Political action that is.
It appears that the few extremely wealthy of us (one percent or fewer) wield significantly more authority in governmental and institutional affairs than the rest of us (99 percent or more). Our democracy has arguably become a plutocracy. For the power to shift back into our hands, it is up to us, we the people, to take action. Perhaps you are like me, and would consider contributing a little action if you knew what to do that could have some real traction.
Enter Lawrence Lessig, a Harvard Law School professor and activist who seems to have an acute awareness of the actual influences of money in government. He offers a tactic, which strikes at the root of the matter. He opens an @Google talk1 with a quote from Henry David Thoreau: “There are a thousand hacking at the branches of evil, to one who is striking at the root.” Lessig founded, rootstrikers.org, to hack at the root of the corrupting influence of money in politics. Here are some of the points which catalyzed me into action, followed by an invitation to become a rootstriker.
An estimated 30 to 70 percent of our Congress members’ time goes into fundraising, according to Lessig. This includes Congress members approaching lobbyists’ for dollars.2 We vote our representatives in to work for us and once they are in the status quo is for them to dedicate about a third to two thirds of their time to soliciting funds to bolster their campaign treasuries.
Many of our representatives and their staff use their government positions as a steppingstone to a highly lucrative lobbying career. “43 percent of Congress members that retired to pursue careers in the private sector went into lobbying.”3 Often, while in office, Congress members are propositioned to become lobbyists after their political term. With the promise of a significant raise in their future job, the Congress member proceeds to advocate legislation in allegiance to their future employer’s agendas. “When a congressman becomes a lobbyist, he gets a 1,452 percent raise (on average.)”4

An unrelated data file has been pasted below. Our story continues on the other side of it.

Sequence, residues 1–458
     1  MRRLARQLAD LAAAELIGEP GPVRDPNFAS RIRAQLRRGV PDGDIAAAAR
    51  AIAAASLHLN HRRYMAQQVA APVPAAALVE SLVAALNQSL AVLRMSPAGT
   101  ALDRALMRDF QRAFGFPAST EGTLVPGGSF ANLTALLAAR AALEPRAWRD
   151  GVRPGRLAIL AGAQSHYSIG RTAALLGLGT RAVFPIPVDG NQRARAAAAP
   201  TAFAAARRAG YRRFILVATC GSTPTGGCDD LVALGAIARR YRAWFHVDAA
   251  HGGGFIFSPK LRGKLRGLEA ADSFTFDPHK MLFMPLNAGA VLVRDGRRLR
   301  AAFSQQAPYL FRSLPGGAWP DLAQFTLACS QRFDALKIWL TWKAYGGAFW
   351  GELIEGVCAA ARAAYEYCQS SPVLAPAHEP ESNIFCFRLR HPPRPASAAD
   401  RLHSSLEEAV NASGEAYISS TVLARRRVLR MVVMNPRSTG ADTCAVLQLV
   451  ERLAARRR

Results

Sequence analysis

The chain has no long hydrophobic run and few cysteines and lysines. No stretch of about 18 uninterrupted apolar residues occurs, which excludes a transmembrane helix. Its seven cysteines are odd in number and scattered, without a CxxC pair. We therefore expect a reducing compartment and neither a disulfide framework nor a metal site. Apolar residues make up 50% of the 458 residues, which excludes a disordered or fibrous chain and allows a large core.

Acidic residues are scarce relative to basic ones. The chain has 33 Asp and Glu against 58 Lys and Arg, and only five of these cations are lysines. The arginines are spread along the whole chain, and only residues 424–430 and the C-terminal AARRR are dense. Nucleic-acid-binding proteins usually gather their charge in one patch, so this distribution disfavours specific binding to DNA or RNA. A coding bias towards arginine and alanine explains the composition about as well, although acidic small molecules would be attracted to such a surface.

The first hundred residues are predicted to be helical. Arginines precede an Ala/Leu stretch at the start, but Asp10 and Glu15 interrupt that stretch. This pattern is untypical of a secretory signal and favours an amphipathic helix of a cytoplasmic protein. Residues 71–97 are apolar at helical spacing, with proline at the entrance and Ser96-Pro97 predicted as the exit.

Representatives place expiration dates on legislation just so they can amass funds from lobbyists by promising them they will vote to extend the legislation, when the expiration date nears. Some of these policies were initially passed with an expiration date to give it a trial run. A trial run makes sense. It’s a way to see if the policy actually accomplishes what was originally intended. But even after the policy has proved itself worthy of permanency, legislators insist on including an expiration date. This allows them to collect money from lobbying interests each time the policy comes up for extension. 5
These three congressional tendencies, using significant time fundraising, the revolving door and extender mania are what moved me to the point of action.
I Became a Rootstriker
Lessig’s website, rootstrikers.org, offers an opportunity for action which hacks at the root of the corrupting influence of money in government. He offers two pledges. One for you to sign agreeing you’ll support the cause. The second is for representatives and candidates to sign. The latter states that for “. . . ten (10) years after I leave Congress, one hundred percent of any compensation . . . that I receive for ‘lobbying services’ shall be donated to a non-political charity.” 6
Here’s a two-minute video with Lessig. It serves as an articulate, concise gateway into the cause. Check it out. It’s hot, in a law professor, rootstriker activist sort of way: http://vimeo.com/rootstrikers/anti-corruption-pledge
I watched the video, signed the pledge, and followed the steps to bring the pledge to my representative’s attention.
How about you?
Are you up for a little action?
Dale Steele throws arbitrary labels at unknown and infuses said labels with meaning, extracting self-hood in the process. He’s a habitual arbiter of yuck and yum, occasionally noticing now is already past. Woohoo, its over! And now . . . ?
Editor: Elysha Anderson